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Thanks to S&Ds, EU energy-intensive industries, ships and planes to decarbonise in a socially fair way


17 Apr 2023


Climate & Environment

Tomorrow, the European Parliament is set to approve the new Emissions Trading System (ETS), covering around 50% of all greenhouse gas emissions in the European Union. This will be an essential tool to bring our emissions from electricity and heat generation, energy-intensive industries, aviation and soon also the maritime sector in line with the EU’s climate goals.

During tough negotiations with the right-leaning side of the European Parliament, as well as with EU governments, the S&D Group weighed in on an ambitious ETS package that strengthens the ‘polluter-pays-principle’, and that is fair towards EU industries and impacted workers.

One of S&Ds’ main achievements on the file was to reduce the oversupply of C02 allowances to the industry, as this caused the carbon price to be too low in the past and thus limited incentives to pollute less and decarbonise. To make it possible, we strived for and obtained an earlier phase-out of free pollution permits, as well as for a higher annual decrease of total CO2 allowances available on the market, compared to the Commission proposal. We also managed to bring an additional industrial sector – the maritime sector – within the scope of the ETS much faster than initially planned.

Our Group managed to buffer vulnerable households from potential negative side effects of a higher carbon price in the buildings and transport sectors, and to increase the share of ETS revenues, among other sources, which will feed into the Social Climate Fund.

The European Parliament is also set to agree on the new ETS for aviation. We have pushed for an earlier phase out of free allowances to incentivise this increasingly polluting sector to rapidly shift to cleaner alternatives as well as to begin the monitoring, reporting and verification of the non-CO2 effects of aviation, which are at least as important as those of CO2 alone.

S&D rapporteur on the EU Emissions Trading System, Mohammed Chahim, said:

“The latest IPCC* report on climate change is again a stark reminder that the window of opportunity to secure a liveable and sustainable future for all is rapidly closing. The EU must lead by example and rapidly slash emissions from all sectors including its industry. To do so, the S&D Group has successfully fought to decrease total CO2 allowances available on the market and to phase out free allowances even faster than the Commission originally foresaw. Faced with the climate emergency, we cannot tolerate free permits to pollute.

“Many other improvements were made compared to the Commission’s proposal. The maritime sector will be included much faster within the ETS scope. We have also created more incentives for innovation through an increased Innovation Fund and the introduction of stricter conditionality on industries not doing their homework. All of this will contribute to better fairness throughout the industries, and create more means to help them shift away from fossil fuels towards renewable energy sources.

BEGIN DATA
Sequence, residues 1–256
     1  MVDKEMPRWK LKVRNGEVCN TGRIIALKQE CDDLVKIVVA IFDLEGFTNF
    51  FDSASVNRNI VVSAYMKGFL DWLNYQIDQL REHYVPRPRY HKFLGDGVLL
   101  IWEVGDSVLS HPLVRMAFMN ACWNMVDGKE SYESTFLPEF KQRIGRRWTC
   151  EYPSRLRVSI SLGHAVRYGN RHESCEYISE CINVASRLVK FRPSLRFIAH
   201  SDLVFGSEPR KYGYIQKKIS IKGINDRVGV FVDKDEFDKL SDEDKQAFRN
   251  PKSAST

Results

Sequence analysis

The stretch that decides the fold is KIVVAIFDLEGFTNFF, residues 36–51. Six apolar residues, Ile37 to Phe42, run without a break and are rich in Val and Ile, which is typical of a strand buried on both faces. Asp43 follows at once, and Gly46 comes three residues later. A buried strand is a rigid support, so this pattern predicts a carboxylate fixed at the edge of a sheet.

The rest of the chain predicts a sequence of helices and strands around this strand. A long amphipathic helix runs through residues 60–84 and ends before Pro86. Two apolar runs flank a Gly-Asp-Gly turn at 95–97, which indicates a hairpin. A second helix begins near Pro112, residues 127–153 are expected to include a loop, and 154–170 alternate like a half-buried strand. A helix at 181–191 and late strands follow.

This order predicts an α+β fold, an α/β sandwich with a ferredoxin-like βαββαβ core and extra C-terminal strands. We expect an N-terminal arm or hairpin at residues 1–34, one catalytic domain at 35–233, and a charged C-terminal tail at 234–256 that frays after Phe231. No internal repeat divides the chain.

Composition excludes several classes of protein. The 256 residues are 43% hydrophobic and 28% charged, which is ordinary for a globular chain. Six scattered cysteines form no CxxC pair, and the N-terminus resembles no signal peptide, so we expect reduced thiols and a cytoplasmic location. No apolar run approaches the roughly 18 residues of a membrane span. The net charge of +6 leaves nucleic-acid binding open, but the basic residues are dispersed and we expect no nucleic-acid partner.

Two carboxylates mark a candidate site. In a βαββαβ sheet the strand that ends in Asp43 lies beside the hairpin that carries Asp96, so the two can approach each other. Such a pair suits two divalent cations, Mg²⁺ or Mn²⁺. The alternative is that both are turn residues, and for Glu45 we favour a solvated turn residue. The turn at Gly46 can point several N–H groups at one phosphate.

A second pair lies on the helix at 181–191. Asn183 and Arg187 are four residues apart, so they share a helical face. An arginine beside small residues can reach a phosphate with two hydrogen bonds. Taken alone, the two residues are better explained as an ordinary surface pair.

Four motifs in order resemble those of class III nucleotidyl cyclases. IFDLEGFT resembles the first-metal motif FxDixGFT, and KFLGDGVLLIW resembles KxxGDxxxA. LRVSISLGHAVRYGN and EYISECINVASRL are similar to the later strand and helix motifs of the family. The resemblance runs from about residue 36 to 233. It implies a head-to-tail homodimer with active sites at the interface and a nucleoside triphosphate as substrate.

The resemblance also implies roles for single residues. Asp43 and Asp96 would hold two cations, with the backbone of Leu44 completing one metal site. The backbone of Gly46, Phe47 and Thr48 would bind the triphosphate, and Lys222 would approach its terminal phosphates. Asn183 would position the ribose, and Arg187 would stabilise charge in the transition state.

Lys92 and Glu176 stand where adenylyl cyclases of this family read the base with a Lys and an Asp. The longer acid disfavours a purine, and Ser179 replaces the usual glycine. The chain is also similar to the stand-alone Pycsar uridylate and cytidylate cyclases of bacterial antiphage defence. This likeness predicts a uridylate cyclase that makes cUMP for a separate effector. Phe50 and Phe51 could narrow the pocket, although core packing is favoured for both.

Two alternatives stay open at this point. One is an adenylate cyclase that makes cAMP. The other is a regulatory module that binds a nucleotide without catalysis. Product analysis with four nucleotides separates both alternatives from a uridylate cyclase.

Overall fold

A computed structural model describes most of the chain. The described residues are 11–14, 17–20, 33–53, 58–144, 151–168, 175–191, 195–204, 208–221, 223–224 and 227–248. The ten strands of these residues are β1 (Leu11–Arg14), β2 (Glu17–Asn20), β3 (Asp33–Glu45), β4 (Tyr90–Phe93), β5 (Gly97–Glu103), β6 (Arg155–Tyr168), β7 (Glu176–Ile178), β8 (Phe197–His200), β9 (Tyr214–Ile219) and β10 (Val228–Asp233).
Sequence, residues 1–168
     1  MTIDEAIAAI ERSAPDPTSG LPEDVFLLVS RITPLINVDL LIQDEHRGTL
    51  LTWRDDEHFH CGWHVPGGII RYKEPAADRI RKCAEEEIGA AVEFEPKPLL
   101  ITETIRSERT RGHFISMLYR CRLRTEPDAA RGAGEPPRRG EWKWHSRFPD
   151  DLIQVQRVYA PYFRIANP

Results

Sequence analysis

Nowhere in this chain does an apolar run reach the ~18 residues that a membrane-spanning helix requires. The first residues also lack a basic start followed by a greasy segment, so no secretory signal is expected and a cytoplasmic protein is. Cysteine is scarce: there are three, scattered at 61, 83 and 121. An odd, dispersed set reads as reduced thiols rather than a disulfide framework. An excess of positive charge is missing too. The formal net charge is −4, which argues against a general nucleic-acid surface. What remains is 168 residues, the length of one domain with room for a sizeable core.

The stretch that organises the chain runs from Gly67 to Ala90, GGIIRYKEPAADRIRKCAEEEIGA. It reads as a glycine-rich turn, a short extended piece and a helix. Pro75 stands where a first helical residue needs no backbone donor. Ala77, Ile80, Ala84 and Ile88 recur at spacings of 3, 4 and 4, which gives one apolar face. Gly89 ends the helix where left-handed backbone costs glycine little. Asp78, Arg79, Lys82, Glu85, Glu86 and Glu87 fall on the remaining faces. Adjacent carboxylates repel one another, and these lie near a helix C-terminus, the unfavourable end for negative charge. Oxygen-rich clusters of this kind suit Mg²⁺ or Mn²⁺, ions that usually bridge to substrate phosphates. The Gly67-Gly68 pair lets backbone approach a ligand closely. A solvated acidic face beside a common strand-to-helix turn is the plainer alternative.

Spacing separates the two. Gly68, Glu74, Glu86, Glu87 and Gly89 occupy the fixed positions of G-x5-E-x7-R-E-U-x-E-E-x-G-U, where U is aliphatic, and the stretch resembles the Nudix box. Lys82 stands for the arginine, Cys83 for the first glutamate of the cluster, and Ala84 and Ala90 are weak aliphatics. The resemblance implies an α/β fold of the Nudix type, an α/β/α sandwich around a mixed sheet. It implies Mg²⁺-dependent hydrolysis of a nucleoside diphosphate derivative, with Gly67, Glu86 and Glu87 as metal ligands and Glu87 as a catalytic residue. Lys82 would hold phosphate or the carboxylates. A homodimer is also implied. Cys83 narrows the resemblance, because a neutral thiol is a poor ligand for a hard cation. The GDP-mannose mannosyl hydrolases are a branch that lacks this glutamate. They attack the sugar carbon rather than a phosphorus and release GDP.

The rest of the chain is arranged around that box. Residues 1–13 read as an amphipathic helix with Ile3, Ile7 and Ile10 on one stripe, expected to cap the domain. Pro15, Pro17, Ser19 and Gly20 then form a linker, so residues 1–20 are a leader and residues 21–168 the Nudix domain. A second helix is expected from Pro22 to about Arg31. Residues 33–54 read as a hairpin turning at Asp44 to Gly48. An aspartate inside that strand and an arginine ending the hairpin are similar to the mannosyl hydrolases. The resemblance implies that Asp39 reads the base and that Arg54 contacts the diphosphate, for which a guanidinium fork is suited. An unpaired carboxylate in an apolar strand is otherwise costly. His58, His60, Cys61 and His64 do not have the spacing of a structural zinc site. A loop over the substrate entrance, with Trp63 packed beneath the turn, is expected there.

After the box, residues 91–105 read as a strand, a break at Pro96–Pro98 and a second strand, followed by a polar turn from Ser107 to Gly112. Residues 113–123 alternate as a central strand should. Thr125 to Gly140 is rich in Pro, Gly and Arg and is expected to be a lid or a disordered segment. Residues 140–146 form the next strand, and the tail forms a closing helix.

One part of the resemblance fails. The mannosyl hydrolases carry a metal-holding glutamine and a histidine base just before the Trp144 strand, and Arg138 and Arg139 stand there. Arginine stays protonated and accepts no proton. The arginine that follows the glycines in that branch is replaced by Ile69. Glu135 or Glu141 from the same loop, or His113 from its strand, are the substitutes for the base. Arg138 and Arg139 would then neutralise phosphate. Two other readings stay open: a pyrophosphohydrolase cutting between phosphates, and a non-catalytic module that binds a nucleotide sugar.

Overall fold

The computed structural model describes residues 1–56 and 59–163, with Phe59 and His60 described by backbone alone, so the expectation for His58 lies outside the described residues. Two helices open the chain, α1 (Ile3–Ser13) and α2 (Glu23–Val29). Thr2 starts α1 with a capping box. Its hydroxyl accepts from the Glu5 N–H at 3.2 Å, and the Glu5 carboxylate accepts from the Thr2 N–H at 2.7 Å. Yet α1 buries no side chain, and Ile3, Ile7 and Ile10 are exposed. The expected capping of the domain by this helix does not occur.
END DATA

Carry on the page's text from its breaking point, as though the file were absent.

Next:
“We also managed to significantly limit the potential social effects of rising energy prices in the buildings and transport sectors, while securing funding for the Social Climate Fund. With a price cap, a delay for households, an emergency break and requirements on oil majors to bear at least half of the cost, we are convinced this will be a win-win situation for both the climate and for the energy bills. We also got the notion of a just transition into the conditions for free allowances: you must respect and work together with workers to get your free allowances.”

S&D MEP negotiator on the EU Emissions Trading System for aviation, Milan Brglez, said:

“Thanks to our relentless efforts, we have successfully pushed for a faster phase-out of free allowances. This would also enable an estimated €400m in ETS revenue under the Innovation Fund after 2026 to support actions contributing to the decarbonisation of the aviation sector.

“We have also achieved to – finally – start addressing the non-CO2 effects of aviation, which are at least as important as those of CO2 alone and have so far been ignored by the ETS aviation system. The Commission will set up a monitoring, reporting and verification scheme for non-CO2 emissions from aviation with reporting, starting in 2025. A report in 2028 should be accompanied with a legislative proposal by the Commission that is expected to expand the scope of the EU ETS to cover such effects.”

* Intergovernmental Panel on Climate Change, a scientific group assembled by the United Nations to monitor and assess all global science related to climate change.


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